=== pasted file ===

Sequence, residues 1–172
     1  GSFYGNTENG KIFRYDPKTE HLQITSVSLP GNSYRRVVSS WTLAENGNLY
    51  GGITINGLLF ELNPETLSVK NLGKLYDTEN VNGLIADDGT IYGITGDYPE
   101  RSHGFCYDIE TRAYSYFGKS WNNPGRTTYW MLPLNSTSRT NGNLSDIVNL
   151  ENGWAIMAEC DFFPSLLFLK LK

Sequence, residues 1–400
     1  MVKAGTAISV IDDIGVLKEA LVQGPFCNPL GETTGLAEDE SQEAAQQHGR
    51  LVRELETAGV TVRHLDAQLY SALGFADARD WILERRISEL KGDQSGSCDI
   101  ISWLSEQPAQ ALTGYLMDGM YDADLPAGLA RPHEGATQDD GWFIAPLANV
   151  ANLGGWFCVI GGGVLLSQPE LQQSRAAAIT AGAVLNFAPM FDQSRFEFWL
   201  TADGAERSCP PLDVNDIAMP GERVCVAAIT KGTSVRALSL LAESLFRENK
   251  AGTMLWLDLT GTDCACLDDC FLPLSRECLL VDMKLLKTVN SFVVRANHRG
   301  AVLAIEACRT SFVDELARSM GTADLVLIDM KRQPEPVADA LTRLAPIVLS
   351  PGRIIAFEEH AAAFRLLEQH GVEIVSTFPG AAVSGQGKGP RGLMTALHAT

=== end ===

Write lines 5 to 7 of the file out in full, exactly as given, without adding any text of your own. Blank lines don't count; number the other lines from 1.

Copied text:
   151  ENGWAIMAEC DFFPSLLFLK LK

Sequence, residues 1–400
     1  MVKAGTAISV IDDIGVLKEA LVQGPFCNPL GETTGLAEDE SQEAAQQHGR